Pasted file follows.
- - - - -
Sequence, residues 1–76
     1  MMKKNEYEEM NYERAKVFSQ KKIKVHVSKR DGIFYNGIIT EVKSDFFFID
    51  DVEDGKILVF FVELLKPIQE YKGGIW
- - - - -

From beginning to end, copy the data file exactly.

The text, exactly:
Sequence, residues 1–76
     1  MMKKNEYEEM NYERAKVFSQ KKIKVHVSKR DGIFYNGIIT EVKSDFFFID
    51  DVEDGKILVF FVELLKPIQE YKGGIW